UC Medical Center Awarded Gold Seal of Approval for Inpatient Diabetes Care

CINCINNATI—University of Cincinnati Medical Center (UCMC) has been awarded Advanced Certification in Inpatient Diabetes Care from the Joint Commission, making UCMC the first and only hospital in the Greater Cincinnati region to earn the Gold Seal of Approval.

Between 20 percent and 25 percent of patients admitted to a hospital have known diabetes, and many others have high blood sugar, conditions that are known to increase complications and death during hospitalization. To systematically provide improved, safer outcomes for all patients, UCMC created hospital-wide inpatient diabetes care through the Diabetes Now program.

All admitted patients, regardless of their reason for hospitalization, receive treatment protocols, education and support through Diabetes Now. The program, which began in 2005, includes representatives from endocrinology, nursing, pharmacy, dietary and more.

UCMC is indirectly sharing this systematic approach to inpatient diabetes care with the surrounding region. Along with the UC College of Medicine, UCMC has trained the majority of adult diabetes specialists in the region.

“Most of our graduating fellows in endocrinology stay in the Greater Cincinnati area and apply much of what they have learned here at UC at other area hospitals. It’s exciting to know that we have not only earned a Gold Seal of Approval for our inpatient diabetes care here at UCMC, but that our standard of care can help affect patient outcomes beyond our immediate reach,” says Mercedes Falciglia, MD, associate professor of medicine at the College of Medicine and acting section chief of endocrinology at the Cincinnati Department of Veterans Affairs (VA) Medical Center. Falcilglia serves as medical director of Diabetes Now.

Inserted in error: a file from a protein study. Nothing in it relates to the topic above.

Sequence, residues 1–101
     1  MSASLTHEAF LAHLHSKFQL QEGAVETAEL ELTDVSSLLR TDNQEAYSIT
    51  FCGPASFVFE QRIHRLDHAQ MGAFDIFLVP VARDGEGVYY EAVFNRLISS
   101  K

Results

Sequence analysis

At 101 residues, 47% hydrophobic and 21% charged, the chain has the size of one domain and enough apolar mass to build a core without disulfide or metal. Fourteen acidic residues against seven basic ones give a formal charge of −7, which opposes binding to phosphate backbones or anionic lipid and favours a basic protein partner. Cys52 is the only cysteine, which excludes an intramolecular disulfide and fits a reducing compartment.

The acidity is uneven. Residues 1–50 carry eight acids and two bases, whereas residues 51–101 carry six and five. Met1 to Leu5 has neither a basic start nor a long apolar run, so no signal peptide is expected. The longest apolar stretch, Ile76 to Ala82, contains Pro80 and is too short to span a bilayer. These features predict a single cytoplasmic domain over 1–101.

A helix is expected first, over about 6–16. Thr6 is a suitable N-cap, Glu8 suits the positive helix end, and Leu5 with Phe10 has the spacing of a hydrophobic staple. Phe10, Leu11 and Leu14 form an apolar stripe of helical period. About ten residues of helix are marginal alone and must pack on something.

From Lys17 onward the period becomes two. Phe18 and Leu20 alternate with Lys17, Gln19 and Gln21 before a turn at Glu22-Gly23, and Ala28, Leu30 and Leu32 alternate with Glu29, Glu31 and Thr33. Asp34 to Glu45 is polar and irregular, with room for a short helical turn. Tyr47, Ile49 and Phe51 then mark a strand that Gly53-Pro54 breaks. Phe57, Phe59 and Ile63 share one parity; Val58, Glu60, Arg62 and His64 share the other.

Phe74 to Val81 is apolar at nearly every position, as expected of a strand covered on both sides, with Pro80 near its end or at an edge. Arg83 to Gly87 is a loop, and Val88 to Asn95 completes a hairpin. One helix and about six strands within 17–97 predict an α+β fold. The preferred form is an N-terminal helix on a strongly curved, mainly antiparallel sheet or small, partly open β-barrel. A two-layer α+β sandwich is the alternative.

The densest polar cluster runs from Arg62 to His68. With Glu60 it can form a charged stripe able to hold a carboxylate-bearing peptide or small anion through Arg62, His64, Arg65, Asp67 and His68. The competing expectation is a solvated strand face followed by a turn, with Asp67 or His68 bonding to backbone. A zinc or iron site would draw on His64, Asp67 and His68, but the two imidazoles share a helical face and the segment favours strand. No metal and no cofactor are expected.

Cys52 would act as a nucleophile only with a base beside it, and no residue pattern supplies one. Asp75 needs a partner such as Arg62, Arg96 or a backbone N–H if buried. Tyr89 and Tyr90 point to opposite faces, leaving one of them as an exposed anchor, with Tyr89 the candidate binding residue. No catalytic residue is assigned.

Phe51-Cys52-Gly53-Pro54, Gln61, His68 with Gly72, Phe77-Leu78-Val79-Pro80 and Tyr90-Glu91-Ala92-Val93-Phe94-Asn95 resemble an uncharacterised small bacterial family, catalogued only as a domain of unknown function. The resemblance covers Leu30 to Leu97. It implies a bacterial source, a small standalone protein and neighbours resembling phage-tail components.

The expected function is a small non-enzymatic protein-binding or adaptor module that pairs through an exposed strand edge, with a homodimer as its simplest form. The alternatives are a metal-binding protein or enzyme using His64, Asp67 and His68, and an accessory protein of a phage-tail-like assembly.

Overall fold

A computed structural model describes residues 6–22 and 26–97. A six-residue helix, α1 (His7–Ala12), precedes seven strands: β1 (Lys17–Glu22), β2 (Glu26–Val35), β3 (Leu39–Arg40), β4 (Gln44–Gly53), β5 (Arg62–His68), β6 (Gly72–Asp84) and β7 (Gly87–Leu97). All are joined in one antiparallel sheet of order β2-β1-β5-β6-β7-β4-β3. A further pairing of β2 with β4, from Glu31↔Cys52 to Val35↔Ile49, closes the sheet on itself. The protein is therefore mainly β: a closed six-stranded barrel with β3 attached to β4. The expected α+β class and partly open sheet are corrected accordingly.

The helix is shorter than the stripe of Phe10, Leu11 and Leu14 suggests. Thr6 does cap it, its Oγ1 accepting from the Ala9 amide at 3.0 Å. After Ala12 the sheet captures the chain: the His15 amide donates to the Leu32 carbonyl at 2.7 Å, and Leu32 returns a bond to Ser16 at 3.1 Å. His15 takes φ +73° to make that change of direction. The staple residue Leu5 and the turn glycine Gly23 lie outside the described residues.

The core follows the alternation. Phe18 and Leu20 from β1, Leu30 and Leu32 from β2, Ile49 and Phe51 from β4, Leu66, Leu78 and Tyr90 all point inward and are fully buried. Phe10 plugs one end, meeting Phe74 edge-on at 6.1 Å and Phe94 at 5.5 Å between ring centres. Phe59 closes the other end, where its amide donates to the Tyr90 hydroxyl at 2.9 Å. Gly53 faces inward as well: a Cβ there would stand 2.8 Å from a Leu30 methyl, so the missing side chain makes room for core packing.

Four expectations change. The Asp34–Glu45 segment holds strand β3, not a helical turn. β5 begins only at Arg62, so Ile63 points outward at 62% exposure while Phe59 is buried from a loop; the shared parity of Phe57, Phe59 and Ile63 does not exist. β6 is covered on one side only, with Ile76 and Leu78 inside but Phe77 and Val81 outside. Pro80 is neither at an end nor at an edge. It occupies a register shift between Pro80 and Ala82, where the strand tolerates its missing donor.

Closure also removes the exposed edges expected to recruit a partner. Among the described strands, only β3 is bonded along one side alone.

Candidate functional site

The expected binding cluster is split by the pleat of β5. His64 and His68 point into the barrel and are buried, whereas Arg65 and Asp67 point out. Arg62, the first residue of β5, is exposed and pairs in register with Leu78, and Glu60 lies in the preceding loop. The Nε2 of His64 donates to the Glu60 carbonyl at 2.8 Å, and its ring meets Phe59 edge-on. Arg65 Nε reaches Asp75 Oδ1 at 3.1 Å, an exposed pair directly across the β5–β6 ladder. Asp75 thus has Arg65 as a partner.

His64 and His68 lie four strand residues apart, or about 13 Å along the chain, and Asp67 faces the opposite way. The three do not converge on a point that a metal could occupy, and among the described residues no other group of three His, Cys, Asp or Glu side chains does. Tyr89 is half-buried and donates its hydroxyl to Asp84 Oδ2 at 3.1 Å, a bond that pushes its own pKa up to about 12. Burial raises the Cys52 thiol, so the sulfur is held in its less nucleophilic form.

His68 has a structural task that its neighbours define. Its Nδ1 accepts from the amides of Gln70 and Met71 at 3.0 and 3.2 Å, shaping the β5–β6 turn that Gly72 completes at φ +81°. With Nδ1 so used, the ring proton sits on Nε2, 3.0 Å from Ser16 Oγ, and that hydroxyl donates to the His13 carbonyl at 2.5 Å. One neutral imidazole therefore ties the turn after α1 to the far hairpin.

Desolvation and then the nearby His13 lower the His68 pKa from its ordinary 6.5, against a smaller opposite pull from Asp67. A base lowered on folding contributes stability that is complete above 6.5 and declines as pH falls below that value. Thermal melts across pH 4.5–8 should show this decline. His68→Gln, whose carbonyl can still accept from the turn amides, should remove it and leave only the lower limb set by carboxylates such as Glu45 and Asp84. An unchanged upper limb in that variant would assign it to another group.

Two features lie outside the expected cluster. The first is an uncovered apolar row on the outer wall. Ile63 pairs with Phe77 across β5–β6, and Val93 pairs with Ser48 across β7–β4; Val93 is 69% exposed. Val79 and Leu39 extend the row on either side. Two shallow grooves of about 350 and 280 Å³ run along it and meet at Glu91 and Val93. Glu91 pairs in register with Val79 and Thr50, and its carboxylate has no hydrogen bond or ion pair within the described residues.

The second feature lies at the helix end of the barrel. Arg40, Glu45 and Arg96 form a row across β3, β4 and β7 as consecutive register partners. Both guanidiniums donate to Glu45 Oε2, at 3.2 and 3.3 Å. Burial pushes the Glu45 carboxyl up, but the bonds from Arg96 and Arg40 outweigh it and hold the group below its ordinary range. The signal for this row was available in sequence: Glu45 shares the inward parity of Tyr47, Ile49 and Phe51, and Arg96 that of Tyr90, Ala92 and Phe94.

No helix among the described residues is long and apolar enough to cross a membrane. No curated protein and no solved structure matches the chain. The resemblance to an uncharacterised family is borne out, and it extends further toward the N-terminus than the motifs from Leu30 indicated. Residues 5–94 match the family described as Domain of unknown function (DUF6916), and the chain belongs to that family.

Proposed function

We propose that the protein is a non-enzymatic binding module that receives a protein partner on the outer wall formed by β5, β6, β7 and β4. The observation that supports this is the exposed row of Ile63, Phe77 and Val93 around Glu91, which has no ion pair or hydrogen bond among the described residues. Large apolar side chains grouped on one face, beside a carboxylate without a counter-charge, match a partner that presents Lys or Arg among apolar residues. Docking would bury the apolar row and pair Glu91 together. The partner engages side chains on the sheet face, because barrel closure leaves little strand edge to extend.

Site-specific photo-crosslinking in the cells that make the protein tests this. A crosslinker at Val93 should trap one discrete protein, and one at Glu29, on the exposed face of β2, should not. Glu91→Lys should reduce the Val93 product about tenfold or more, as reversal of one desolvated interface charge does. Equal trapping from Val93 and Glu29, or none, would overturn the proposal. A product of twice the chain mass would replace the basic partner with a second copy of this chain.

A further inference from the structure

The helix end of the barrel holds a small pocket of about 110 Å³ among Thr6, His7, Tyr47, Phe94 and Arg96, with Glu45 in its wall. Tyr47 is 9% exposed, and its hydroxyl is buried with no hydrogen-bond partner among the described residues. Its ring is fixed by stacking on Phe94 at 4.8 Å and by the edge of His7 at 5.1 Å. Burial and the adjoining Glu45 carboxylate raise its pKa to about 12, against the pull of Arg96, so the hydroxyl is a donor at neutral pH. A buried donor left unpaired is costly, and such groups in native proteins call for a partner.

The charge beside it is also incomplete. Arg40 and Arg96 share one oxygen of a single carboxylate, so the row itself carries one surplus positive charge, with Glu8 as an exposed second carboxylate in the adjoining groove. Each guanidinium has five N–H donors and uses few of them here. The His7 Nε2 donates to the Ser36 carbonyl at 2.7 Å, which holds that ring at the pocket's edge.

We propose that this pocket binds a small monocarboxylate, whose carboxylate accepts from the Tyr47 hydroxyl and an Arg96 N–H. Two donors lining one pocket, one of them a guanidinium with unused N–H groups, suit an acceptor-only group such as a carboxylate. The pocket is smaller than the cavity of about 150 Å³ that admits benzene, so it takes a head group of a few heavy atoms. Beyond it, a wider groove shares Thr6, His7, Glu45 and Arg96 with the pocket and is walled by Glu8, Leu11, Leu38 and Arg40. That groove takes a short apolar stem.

The Joint Commission recognized Diabetes Now for its innovation, compliance with national standards for health care quality and dedication to continuous compliance with state-of-the art standards.

“In achieving Joint Commission advanced certification, UCMC has demonstrated its commitment to the highest level of care for its patients with diabetes,” says Michele Sacco, interim executive director, Certification Programs, at the Joint Commission. “Certification is a voluntary process and I commend UCMC for successfully undertaking this challenge to elevate its standard of care and instill confidence in the community it serves.”

The Joint Commission’s Advanced Certification for Inpatient Diabetes Care, developed in conjunction with the American Diabetes Association (ADA), provides standards related to:
• Staff education requirements.
• Written blood glucose monitoring protocols.
• Plans for the treatment of hypoglycemia and hyperglycemia.
• Data collection of incidences of hypoglycemia.
• Patient education on self-management of diabetes.
• An identified program champion or program champion team.

“UCMC is committed to developing innovative practices to increase positive patient outcomes,” says Lee Ann Liska, president and CEO of UCMC. “Through Diabetes Now, Dr. Falciglia has developed a program which goes even further in caring for patients who may have otherwise gone untreated.

“This latest recognition from the Joint Commission emphasizes the continued dedication to excellence we see among our staff every day.”

During the survey UCMC underwent a rigorous on-site review by the Joint Commission. Expert reviewers evaluated UCMC’s compliance with the Disease-Specific Care Certification program as well as inpatient care-specific standards, clinical practice guidelines and performance measures. The inpatient diabetes certification program is based on the ADA Clinical Practice Recommendations.

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